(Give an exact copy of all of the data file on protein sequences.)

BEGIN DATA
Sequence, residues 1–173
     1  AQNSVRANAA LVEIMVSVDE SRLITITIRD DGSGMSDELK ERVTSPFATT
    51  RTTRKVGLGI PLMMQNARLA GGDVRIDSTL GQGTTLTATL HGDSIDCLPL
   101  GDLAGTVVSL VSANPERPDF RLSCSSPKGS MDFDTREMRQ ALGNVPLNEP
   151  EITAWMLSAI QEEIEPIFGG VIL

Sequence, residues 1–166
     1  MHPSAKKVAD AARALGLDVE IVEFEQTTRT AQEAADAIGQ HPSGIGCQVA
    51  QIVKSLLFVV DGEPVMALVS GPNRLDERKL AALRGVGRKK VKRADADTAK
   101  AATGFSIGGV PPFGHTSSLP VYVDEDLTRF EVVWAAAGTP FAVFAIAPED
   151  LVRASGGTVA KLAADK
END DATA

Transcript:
Sequence, residues 1–173
     1  AQNSVRANAA LVEIMVSVDE SRLITITIRD DGSGMSDELK ERVTSPFATT
    51  RTTRKVGLGI PLMMQNARLA GGDVRIDSTL GQGTTLTATL HGDSIDCLPL
   101  GDLAGTVVSL VSANPERPDF RLSCSSPKGS MDFDTREMRQ ALGNVPLNEP
   151  EITAWMLSAI QEEIEPIFGG VIL

Sequence, residues 1–166
     1  MHPSAKKVAD AARALGLDVE IVEFEQTTRT AQEAADAIGQ HPSGIGCQVA
    51  QIVKSLLFVV DGEPVMALVS GPNRLDERKL AALRGVGRKK VKRADADTAK
   101  AATGFSIGGV PPFGHTSSLP VYVDEDLTRF EVVWAAAGTP FAVFAIAPED
   151  LVRASGGTVA KLAADK